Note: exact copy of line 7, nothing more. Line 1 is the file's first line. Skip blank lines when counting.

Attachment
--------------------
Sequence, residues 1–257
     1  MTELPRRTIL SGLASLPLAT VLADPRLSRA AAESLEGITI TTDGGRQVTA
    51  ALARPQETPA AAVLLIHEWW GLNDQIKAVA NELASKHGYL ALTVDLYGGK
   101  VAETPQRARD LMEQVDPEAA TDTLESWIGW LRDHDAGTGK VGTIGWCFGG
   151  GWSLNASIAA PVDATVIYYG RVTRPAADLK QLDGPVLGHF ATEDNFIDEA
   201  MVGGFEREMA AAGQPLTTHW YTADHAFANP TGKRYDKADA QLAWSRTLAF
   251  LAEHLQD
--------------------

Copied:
   251  LAEHLQD